The Full Wiki

Crownsville Hospital Center: Wikis

Advertisements
  

Note: Many of our articles have direct quotes from sources you can cite, within the Wikipedia article! This article doesn't yet, but we're working on it! See more info or our list of citable articles.

Encyclopedia

Advertisements

From Wikipedia, the free encyclopedia

The Crownsville Hospital Center is a former psychiatric hospital located in Crownsville, Maryland.

The facility was enabled by an act of the Maryland General Assembly on 11 April 1910 as the Hospital for the Negro Insane of Maryland. This act also explicitly specified that the facility should not be located in Baltimore. On 13 Dec., 1910 the Board of Managers purchased farm land located at Crownsville, Maryland for the sum of $19,000 which had formerly been farmed for willow and tobacco. On 23 May 1910 Dr. Robert Winterode was designated the first Superintendent.

The facility was founded following a 1908 report of "The Maryland State Lunacy Commission" which stated:

"It is with a feeling of shame and humiliation that the conditions which exist in the State among the negro insane are chronicled and known to the public. Righteous indignation cannot help being aroused when one sees or reads of the most horrible cruelties being practiced upon these unfortunates.... The most urgent need at this time is a hospital for the negro insane of Maryland...."

As early as 1899 the Maryland Lunacy Commission in its Annual Report stated

"At present there are no negro insane at the second hospital (Springfield) and the comparatively small number at Spring Grove is a distinct embarrassment to the institution."

Again in its 1900 report it stated:

"The condition of the negro insane at Montevue Hospital at Frederick is shameful and should at once be remedied. The beasts of the field are better cared for than the poor negroes at Montevue."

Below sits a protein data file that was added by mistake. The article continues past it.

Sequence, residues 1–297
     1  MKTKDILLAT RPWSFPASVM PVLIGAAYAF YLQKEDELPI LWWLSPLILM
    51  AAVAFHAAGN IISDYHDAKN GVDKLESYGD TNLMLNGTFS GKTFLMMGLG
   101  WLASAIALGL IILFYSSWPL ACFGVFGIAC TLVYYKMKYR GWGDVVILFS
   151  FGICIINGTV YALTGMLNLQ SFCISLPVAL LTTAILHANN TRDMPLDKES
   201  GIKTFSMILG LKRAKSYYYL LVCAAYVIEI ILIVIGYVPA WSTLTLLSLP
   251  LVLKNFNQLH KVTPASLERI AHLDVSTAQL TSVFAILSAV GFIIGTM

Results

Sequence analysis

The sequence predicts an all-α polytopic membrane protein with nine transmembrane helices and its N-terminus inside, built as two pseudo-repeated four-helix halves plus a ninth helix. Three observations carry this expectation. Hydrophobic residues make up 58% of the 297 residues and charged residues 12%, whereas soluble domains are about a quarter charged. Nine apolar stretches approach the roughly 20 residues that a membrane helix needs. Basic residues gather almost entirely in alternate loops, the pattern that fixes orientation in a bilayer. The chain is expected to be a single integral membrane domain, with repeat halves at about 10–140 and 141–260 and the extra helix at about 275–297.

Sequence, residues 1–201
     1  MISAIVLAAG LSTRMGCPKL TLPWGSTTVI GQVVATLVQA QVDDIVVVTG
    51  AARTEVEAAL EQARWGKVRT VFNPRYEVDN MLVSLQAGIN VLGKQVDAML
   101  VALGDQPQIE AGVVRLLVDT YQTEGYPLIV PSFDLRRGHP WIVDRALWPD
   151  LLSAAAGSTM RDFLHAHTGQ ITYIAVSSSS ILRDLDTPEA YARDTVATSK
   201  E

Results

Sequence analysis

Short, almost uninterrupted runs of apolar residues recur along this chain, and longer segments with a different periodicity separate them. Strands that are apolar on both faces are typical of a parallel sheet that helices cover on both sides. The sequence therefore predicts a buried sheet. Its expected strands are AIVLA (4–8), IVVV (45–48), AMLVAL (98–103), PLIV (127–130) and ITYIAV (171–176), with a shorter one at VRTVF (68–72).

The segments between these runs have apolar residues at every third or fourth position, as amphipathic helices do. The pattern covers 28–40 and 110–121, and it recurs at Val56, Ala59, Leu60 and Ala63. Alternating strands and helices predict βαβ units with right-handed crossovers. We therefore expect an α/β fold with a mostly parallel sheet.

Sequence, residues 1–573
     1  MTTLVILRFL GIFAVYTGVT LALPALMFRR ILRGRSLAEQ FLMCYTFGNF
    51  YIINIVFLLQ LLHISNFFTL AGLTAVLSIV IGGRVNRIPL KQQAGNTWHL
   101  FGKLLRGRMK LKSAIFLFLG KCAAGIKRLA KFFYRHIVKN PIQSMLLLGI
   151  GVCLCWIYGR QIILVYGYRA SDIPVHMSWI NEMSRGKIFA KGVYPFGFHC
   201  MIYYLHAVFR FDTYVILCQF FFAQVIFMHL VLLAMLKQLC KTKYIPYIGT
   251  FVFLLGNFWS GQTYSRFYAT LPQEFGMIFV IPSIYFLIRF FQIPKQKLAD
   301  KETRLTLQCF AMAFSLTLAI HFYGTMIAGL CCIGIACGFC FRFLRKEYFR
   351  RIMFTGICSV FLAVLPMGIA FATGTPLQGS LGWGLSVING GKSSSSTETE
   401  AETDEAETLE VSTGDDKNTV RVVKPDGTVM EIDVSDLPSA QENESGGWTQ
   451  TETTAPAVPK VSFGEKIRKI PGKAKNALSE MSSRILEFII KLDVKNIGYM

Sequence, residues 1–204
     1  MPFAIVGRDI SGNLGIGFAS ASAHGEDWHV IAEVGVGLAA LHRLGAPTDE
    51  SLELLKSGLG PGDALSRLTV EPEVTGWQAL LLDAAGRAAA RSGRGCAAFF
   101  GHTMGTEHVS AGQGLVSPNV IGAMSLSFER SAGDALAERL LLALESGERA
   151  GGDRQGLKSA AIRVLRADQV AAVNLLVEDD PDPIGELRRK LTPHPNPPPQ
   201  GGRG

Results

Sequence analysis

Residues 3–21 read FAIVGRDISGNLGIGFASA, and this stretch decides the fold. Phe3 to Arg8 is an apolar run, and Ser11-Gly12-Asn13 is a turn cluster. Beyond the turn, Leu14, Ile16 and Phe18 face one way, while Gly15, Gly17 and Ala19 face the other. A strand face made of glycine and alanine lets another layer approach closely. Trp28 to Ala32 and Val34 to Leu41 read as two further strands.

The first group of 12 patients arrived at Crownsville on 13 March 1911. Patients lived in a work camp located in a willow curing house adjacent to one of the willow ponds. Dr. Winterode worked with them to prepare roads and to harvest the tobacco and willow crops on the property. Additional patients were transferred in July and Sept. 1911. Construction started on the first large building, A Building in Oct., 1912. Patients were used to work on the construction of the hospital in addition to working in its day to day functions. As reported in the State Lunacy Commission Report of Dec.,1912, patients worked as "hod carriers" and assistants to electricians and plumbers. Construction necessitated that they push "barrows of concrete up a tramway three and a half stories in height." They excavated "10000 cubic yards of earth in about 10 weeks." In addition they unloaded 238 cars of cement, stone and other building materials. "The laundry work for the patients is done by two adult males and an epileptic imbecile 10 years of age who has been taught to feed the ringer(sic) and at which he has become quite adept. During the past year (1912) these three have washed and ironed over 40,000 pieces."